Since its 2009 debut at the Isle of Man, TTXGP has grown from a single-lap race of the island circuit (documented by Mark Neale’s Charge) to encompass three national series on as many continents culminating in a world championship round in Daytona Beach, Florida, during Biketoberfest.
We sat down with TTXGP’s Azhar Hussain to discuss the future of electric motorcycle racing on these shores and around the world, and we were pleased to hear hints of TTXGP combining forces with the FIM’s e-Power series in the years to come.
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In addition to the foreseeable hardships of launching a new racing series using alternative propulsion, TTXGP was replaced at the TT in 2010 with the organizing body’s own TT Zero event. TTXGP has also faced a challenge from the FIM’s competing zero-emissions series, the e-Power International Championship.
Amid this adversity TTXGP has persevered, a restructuring process is underway which will change the landscape for electric motorcycle racing in the near future. "We're now remodeling the business, remodeling the shape of the championship to encourage more teams to join us,” Hussain says.
Part of the restructuring hinges on the outcome of the dialogue between Hussain and the FIM regarding a unified series. "The sport really needs to be nurtured at this point,” says Hussain. “There really isn't anything positive to come out of competing against one another."
Discussions between Hussain and the FIM regarding rules as well as commercial and legal aspects of a combined series will be underway throughout this year. During the 2013 season the two racing series will commingle, and sponsorships and tracks secured for the 2014 season under a yet-to-be-determined new name.
Changes and an effort to swell the North American TTXGP grid are already underway with the running of the new eSuperstock class introduced at Infineon Raceway. Unlike the expensive prototype machines competing in TTXGP’s premiere event, eSuperstock bikes are meant to be an affordable, entry-level option utilizing street-legal models available to the public.
"For the eSuperstock series we really want to engage the manufacturers to be part of that process,” says Hussain. “It really doesn't make sense to create a structure without input from the manufacturers."
Rules regarding the eSuperstock class are vague, but a base requirement establishes that a manufacturer produce for sale a minimum of 25 units prior to a racing event. In Sonoma, only Zero met this qualification, with four bikes from three teams competing in the class. Brammo should bring a competitive answer to Zero when production of the Empulse R ramps up later this year. Hopefully there will be more to follow from the likes of Lightning or another manufacturer.
"The big challenge we have is the nascent sales of the road-going bikes are only just now coming to the street, so these companies have been demonstrating a hyper-prototype technology, but the cost of doing that is quite high,” says Hussain. “But now that they've got their racing business to promote and sales to focus on and a technology leverage, we should start seeing grid numbers increase."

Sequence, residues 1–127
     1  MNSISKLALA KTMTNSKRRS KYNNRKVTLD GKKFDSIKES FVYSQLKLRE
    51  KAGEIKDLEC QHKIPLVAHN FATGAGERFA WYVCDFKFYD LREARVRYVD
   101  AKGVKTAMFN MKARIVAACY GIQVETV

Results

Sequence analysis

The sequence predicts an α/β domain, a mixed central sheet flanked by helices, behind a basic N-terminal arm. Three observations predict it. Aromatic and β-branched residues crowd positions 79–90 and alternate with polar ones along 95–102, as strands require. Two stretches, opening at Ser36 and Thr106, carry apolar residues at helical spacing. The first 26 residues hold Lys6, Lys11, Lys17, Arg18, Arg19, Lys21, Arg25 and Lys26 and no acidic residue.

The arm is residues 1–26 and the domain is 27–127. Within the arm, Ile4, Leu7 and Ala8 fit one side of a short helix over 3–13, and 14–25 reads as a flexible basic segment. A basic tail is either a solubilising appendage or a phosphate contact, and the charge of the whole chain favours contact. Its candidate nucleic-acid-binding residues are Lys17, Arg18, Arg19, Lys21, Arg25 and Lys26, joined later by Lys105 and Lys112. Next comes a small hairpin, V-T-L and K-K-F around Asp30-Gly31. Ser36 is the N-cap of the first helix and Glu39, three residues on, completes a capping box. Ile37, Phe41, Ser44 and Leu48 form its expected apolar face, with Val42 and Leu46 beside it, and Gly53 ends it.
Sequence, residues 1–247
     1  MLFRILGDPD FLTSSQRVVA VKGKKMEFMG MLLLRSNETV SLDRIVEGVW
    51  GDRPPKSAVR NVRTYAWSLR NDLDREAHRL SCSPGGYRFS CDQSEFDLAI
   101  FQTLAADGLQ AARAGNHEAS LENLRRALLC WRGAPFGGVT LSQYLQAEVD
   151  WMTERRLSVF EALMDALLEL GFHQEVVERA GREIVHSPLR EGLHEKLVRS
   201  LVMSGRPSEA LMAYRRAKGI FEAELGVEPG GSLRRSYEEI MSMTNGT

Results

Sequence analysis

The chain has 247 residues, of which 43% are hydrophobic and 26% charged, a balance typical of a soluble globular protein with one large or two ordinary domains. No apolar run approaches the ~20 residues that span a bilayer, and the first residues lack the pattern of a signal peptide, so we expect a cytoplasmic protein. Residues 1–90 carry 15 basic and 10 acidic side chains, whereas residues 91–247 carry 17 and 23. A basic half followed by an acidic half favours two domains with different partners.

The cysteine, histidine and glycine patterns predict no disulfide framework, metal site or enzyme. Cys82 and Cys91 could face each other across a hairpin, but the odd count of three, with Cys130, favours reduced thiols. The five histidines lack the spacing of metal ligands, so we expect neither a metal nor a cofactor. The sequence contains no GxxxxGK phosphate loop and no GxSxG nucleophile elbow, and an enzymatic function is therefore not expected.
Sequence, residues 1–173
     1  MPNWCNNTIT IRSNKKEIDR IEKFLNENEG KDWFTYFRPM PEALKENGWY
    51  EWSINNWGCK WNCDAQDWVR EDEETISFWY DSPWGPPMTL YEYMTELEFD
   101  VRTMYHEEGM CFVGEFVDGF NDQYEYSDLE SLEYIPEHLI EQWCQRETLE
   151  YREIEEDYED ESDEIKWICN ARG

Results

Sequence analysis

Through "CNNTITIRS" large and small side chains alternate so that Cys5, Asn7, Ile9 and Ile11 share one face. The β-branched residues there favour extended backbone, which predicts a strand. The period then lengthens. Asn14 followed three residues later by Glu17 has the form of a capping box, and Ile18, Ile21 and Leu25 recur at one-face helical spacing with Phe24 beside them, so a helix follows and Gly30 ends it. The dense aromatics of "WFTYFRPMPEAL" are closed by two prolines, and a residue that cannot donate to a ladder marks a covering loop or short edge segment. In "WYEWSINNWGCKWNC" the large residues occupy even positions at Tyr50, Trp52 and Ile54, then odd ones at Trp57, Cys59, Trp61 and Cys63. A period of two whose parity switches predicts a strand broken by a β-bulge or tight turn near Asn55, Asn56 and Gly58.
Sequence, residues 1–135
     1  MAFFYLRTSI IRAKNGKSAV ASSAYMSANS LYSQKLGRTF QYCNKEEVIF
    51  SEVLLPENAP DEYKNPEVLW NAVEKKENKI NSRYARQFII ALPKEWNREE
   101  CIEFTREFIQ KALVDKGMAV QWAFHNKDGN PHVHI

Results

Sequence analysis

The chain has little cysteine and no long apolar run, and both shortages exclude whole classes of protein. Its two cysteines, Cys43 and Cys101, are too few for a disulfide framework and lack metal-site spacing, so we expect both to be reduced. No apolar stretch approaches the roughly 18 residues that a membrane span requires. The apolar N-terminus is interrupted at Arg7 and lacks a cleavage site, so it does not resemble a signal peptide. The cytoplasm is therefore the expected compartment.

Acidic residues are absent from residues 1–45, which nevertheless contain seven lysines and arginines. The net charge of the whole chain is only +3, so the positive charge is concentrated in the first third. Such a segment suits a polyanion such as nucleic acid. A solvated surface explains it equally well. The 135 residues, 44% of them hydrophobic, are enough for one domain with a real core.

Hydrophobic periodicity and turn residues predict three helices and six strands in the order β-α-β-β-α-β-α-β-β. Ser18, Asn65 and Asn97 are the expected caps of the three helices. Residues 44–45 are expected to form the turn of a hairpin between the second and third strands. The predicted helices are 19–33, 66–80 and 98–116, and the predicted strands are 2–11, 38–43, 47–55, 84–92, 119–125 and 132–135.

When asked about a contingency program to help offset the costs of racing for teams competing in the eSuperstock series, Hussain could only allude to something far better than the familiar position-paying programs. Look for a formal announcement from TTXGP regarding this matter by year’s end.
Curiously, the North American TTXGP is the only series offering an eSuperstock class, largely because we are the only country with multiple electric motorcycle manufacturers. This brings to light the differences between American and European cultures and the way in which they’re approaching electric motorcycle racing.
The U.S. is a horsepower-driven culture, whereas Europe is more interested in the practical use of the technology. Compared to European nations, we are not nearly as progressive with our alternative fuel policies. Europe has a stronger focus on alternative energy, but also much more restrictive rules regarding both noise and emissions pollution emanating from racetracks.
"You also have to think about the motorcycle industry dynamic,” says Hussain. “Here in the U.S. the motorcycle is a leisure product, where in Europe it's pragmatic transportation, giving the electric motorcycle a much richer role than in the U.S.”
What it really boils down to is Hussain’s final comment on the topic: "When you live in a world of $10-a-gallon fuel, it really changes your priorities.”
Hopefully, gas prices in our country will remain at their current levels for the foreseeable future, but regardless, we are leading the way in electric-powered, production-based two-wheelers, which is a good place to be.
We’re also home to the world’s best electric prototype racers in the form of MotoCzysz, last year’s IOMTT winner, and Mission Motors, winner of the 2011 combined TTXGP and FIM e-Power race at Mazda Raceway Laguna Seca, who, with rider Steve Rapp aboard, piloted the Mission R bike to within 10 seconds per lap of the times set by MotoGP bikes.
With MotoCzysz and others preparing for the highly anticipated June 6 race at the Isle of Man, the grid at round one of the North American TTXGP was certainly sparse. Round two at the end of June in Portland, Oregon, will see more teams competing, while all racing enthusiasts are excited to see what transpires at the combined race in Monterey, California in July.
Consolidating TTXGP and the FIM e-Power Championship over the next two years should boost both exposure and interest in the sport while not diluting its effect on the general public. Meanwhile, we’ll keep you updated with goings-on as they’re announced. In fact, look for some exciting news from Lightning Motorcycles very soon!Related Reading